Apple’s new magic mouse 3 has been totally redesigned along with other peripherals. In one of the recent chapters of our daily podcast ‘Infinite Loop’, our colleague Javier Lacort mentioned something important: we are too focused on talking about the redesign of the iMac when the redesign of its peripherals can also come with it.
I’m talking about the Magic Keyboard, Magic Mouse, and Magic Trackpad, which are often redesigned along with the iMac. We wouldn’t find too many changes to the Magic Keyboard and Magic Trackpad, but another rooster can sing with a third-gen Magic Mouse.
Everything you could ask for in a redesigned Magic Mouse
The Magic Mouse (and we can extend it to its predecessors) has always been one of those Apple accessories that you either love or hate, no middle ground. Its great response to gestures with Macs is praised, but its ergonomics (for this reason server uses a Logitech G502) or the unfortunate position of its charging port is often hated.
Let’s review the past of this mouse, because there have also been controversies in the past. The first iMacs had this Apple Mouse:
The most veteran will remember him as a mouse that broke the mold with its semitransparent color design and its round shape, but precisely because of that shape it was one of the most uncomfortable mice. It was solved with the following generations of the mouse with more elongated shapes:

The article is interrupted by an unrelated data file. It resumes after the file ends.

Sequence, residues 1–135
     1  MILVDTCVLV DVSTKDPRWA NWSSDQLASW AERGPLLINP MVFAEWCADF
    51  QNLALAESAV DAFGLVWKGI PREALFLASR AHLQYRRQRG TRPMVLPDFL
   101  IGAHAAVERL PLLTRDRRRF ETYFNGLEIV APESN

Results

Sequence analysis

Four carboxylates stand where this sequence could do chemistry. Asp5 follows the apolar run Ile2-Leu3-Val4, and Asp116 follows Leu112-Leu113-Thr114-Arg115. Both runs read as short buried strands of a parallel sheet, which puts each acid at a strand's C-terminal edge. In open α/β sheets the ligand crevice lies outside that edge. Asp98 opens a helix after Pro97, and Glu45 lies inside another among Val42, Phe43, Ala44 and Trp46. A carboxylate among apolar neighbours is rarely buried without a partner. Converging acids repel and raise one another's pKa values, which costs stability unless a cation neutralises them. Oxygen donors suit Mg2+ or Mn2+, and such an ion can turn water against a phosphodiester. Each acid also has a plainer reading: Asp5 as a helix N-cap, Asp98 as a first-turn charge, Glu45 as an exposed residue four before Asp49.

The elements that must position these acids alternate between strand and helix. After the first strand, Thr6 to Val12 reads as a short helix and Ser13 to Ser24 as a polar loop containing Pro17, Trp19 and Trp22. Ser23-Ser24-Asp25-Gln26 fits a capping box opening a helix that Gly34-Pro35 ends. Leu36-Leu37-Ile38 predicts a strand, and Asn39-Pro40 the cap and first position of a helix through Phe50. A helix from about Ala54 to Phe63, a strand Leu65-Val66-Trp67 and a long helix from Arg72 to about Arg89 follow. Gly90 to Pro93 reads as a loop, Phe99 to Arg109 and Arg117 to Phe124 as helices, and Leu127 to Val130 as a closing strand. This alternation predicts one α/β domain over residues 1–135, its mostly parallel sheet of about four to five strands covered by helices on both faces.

The Mighty Mouse, in turn, sparked complaints that its trackball was getting stuck with some accumulated time and dirt. Solution? Get rid of that mechanical part and create the Magic Mouse that we all know. Which is a kind of trackpad with a built-in click in the shape of a mouse.
And as I said before, the idea is good. But not ergonomically, as all of us who work long hours in front of a Mac know. So, with the first serious redesign of the iMac in more than a decade, what can Apple do to make its desktop mouse convince everyone? the world?
The first thing a Magic Mouse 3 redesign needs is ergonomics
First of all, ergonomics. A Magic Mouse 3 must learn from the mistakes of its first design. And now that Jony Ive is no longer in the ranks of Apple Park, we should see an approach to that comfort over design.
The second, that the load does not prevent the use of the mouse itself. It would be enough to place the Lightning port on the front, or provide it with induction charging to be able to leave it on any wireless base. Or as Lacort mentions in the podcast, create a mouse pad that charges the mouse as we move it over it.
Optionally, we could also talk about extra buttons, although we are already approaching a field in which Apple normally does not want to enter for that of defending the simplicity of use of its products.
The rest of the characteristics, such as the materials, are anyone’s guess. Usually leaks appear shortly before the launch of the new iMac, but as these will not appear until autumn it is still too early to expect them.
Apple has spent a season reversing some changes that were made to improve the design, such as the return to a modular Mac Pro or the disappearance of keyboards with a butterfly mechanism. Rumors suggest that these are changes that will continue to be made, so I confess that I am very curious to know if the Magic Mouse 3 will also be affected. Personally, I think that you can really take advantage of the room for improvement you have.